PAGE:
Government Approved 4 Coal Power Plants and Weaken the Powers of PUCSL

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The Cabinet has sanctioned four new coal power plants—two in Norochcholai and two in Trincomalee—and a proposal to amend the Sri Lanka Electricity Act to weaken the industry regulator, Public Utilities Commission of Sri Lanka (PUCSL).

Approval was granted this week on a Cabinet paper containing these and several other recommendations. It was signed by Prime Minister Ranil Wickremesinghe, Finance Minister Mangala Samaraweera, Power and Energy Minister Ravi Karunanayake and Highways Minister Kabir Hashim.

Each proposed new coal power plant is 300mw or a total of 1,200mw. Three will run on “high efficient coal” while the fourth has been termed a “contingency power” or “buffer power plant”.

The Government’s policy on coal power plants, which are being phased out globally owing to environmental concerns, has been inconsistent. After years of negotiations, President Maithripala Sirisena shelved proposals for an Indian-funded coal power plant in Sampur, citing pollution. He urged the Indian Government to support a liquefied natural gas (LNG) alternative instead. The President maintained this position for a while, but changed his mind around 2018, when he instructed the independent regulator, PUCSL, to approve coal power plants. That year, the Government decided to diversify the country’s power generation mix by including coal, LNG, heavy fuel, renewable energy, solar, wind and so on.

Since Mr Karunanayake took over the power and energy ministry in January this year, he has also pushed for coal power plants. A Cabinet decision dated June 19, 2019 now grants permission for eleven recommendations reportedly made by a ministerial committee appointed in April. These include solar, wind, biomass, solid waste, LNG, coal and hydropower projects.

One of the recommendations is to “amend the Sri Lanka Electricity Act, in order to implement favourable regulatory mechanism in the country and to resolve the issues between the CEB and the PUCSL by clearly empowering the Cabinet of Minister for economic and technical regulation and empowering the PUCSL for consumer protection and safety regulation in the electricity industry [sic]”.

Last week, the Sunday Times reported that Minister Karunanayake is seeking to whittle down the authority of the PUCSL, particularly in matters of procurement over which the regulator has purview. His proposal sees the downgrading of the PUCSL to mere status of a ‘safety regulator’ and electricity industry ‘ombudsman’.

He proposes to amend the Sri Lanka Electricity Act No 20 of 2009 and Sri Lanka Electricity (Amendment) Act 31 of 2013 so that the “economic and technical regulatory powers” of the industry are transferred to the Cabinet of Ministers through the minister and the ministry in charge of the subject of power and energy.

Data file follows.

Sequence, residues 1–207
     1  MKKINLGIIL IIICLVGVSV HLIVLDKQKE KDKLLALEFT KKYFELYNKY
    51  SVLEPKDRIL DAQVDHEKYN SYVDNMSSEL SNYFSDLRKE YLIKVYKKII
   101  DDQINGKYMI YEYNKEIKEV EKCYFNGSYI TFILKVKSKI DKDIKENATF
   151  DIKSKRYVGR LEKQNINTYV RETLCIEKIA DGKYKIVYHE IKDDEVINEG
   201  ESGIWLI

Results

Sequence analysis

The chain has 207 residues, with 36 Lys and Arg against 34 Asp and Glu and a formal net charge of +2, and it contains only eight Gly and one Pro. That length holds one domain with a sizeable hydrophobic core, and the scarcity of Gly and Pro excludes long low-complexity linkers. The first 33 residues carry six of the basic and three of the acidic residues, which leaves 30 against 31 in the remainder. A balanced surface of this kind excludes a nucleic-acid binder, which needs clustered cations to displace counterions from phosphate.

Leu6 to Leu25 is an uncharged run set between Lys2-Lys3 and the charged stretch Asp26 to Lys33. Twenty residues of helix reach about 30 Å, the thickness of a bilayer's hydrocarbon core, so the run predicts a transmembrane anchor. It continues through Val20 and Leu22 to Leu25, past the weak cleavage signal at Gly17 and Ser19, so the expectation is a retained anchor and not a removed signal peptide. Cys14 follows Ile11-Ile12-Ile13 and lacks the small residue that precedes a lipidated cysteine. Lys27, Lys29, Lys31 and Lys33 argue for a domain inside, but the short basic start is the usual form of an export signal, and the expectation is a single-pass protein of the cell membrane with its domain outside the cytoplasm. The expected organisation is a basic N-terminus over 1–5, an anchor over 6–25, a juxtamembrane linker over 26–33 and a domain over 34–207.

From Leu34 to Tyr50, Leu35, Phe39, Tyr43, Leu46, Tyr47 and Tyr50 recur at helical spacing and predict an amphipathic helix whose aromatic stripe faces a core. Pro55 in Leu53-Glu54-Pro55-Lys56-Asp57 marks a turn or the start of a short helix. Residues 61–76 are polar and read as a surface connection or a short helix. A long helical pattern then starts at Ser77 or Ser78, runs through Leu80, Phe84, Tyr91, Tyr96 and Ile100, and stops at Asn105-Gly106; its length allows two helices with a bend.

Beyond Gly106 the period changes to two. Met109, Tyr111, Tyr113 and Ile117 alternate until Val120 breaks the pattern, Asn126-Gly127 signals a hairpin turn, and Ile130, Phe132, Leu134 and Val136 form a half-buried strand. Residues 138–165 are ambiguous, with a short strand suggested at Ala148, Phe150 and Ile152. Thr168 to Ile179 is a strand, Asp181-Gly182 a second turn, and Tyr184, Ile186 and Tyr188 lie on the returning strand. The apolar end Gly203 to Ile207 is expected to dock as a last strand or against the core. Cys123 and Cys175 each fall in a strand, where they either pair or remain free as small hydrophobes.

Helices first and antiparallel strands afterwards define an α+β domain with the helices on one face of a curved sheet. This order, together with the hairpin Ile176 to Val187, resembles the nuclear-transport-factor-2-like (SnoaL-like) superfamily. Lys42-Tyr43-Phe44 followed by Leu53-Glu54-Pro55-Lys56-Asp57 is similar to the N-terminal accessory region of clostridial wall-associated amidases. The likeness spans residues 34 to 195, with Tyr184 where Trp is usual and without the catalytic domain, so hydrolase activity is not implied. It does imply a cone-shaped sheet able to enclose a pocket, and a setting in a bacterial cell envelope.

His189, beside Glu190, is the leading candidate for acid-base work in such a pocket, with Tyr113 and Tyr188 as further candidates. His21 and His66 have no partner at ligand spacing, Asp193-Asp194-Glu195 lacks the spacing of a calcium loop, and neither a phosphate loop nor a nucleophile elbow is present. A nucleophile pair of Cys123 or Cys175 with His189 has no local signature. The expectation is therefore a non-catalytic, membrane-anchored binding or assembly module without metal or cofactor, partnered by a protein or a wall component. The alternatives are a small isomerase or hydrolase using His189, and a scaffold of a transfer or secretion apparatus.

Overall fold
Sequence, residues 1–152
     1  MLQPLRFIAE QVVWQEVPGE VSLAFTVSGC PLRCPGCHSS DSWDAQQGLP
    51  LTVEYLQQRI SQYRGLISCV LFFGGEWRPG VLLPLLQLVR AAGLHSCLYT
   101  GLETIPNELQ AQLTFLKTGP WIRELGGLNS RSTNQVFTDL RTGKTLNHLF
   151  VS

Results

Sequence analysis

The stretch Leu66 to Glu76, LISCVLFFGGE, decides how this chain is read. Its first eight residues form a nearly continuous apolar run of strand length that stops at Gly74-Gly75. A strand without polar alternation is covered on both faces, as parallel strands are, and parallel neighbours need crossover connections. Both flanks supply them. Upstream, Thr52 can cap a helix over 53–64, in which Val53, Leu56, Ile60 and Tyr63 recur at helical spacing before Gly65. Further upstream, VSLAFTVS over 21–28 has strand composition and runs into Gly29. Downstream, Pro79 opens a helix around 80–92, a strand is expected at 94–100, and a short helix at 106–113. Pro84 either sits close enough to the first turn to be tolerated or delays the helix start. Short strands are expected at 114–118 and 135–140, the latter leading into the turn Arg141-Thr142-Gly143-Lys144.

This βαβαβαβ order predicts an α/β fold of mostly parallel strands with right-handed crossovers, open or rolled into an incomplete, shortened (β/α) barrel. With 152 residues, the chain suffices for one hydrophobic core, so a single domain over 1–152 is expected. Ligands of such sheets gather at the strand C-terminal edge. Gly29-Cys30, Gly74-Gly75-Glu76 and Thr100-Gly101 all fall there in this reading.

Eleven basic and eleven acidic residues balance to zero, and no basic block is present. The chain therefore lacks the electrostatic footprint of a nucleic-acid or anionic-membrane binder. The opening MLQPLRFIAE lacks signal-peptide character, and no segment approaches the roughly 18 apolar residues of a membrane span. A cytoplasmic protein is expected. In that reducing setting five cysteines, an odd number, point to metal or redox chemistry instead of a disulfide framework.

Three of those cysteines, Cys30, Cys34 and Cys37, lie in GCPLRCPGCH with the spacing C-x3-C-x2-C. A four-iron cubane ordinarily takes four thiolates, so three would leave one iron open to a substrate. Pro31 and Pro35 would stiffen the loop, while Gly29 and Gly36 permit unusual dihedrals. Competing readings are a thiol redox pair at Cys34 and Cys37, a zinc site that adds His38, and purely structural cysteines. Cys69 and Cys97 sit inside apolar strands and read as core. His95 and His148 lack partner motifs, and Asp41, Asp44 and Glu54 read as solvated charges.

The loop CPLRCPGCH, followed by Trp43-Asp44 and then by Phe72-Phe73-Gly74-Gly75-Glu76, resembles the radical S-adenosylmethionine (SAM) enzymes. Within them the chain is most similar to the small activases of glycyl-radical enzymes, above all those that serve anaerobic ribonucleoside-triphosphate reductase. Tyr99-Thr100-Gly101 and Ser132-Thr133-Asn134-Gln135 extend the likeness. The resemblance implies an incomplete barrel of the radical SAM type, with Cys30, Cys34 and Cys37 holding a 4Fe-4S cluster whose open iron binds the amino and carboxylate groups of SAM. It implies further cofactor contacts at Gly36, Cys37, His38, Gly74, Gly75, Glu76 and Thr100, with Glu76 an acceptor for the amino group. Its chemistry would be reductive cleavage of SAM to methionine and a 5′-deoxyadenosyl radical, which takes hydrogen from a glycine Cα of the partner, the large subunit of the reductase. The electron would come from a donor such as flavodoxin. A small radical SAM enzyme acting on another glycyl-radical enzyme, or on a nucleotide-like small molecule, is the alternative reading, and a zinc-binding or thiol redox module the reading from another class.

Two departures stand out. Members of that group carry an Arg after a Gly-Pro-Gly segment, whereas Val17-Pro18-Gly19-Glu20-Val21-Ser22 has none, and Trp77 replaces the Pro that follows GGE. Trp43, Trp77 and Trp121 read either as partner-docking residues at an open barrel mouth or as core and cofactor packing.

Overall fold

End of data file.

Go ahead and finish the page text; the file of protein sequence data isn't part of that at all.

Only Minister Mangala Samaraweera, one of the signatories of the Cabinet paper, has qualified his agreement by including a handwritten note: “Procurement is subject to Government procurement procedures”.

The solar power projects approved by the Cabinet are: a 300mw plant in Pooneryn; two plants of 100mw each in Siyambalanduwa; 300mw rooftop systems from 300,000 households; 500mw small-scale solar projects (less than 10mw); and 5x100mw of “power wheeling concept with a profit sharing with the CEB (which will facilitate to eliminate the subsidy which, at present, is borne by the CEB) [sic]”.

The wind projects are: 100mw wind power park (stage I) in Mannar; 150mw wind power park (stage II) in Mannar; 100mw wind power plant in Mannar mainland; 100mw of wind power projects in the Puttalam district; and 200mw of wind power projects in the Jaffna and Mullaitivu districts.

Twenty biomass projects amounting to 200mw have been approved as well as four to six solid waste projects amounting to 100mw.

The LNG projects are: 300mw LNG combined cycle power plant in Kerawalapitiya (Government-to-Government–India); 300mw LNG combined cycle power plant in Kerawalapitiya (Government-to-Government–Japan); 400mw LNG combined cycle power plant in Hambantota (Government-to-Government–China).

The coal power plants are: 300mw new coal power plant in Norochcholai (high efficient coal); 300mw new coal power plant in Norochcholai (contingency power or buffer power plant); 300mw new coal power plant in Foul Point, Trincomalee (high efficient coal, phase I); and 300mw new coal power plants in Foul Point, Trincomalee (high efficient coal, phase II).

Also envisaged are four 25mw gas turbine container mounted plants; four 24mw furnace oil power plants; 100mw battery capacity facilities (for high demand periods and load balancing); and an additional 25mw battery capacity facilities for load balancing.

The Cabinet gave permission to start construction of already finalised hydropower projects and expedite the rest to award power purchase agreements before the end of this year. They are: Uma Oya 120mw hydropower plant; Broadlands 35mw hydropower plant; Moragolla 31mw hydropower plant; Seethawaka 20mw hydropower plant; Thalpitigala 15mw hydropower plant; Maha Oya 3x200mw pump storage hydropower plant; and “approximately 200m of all environmentally friendly mini hydropower plants”.

Authorisation was also given to amend the Sri Lanka Electricity Act to exempt renewable energy projects of less than 10mw capacity from following a tender process.

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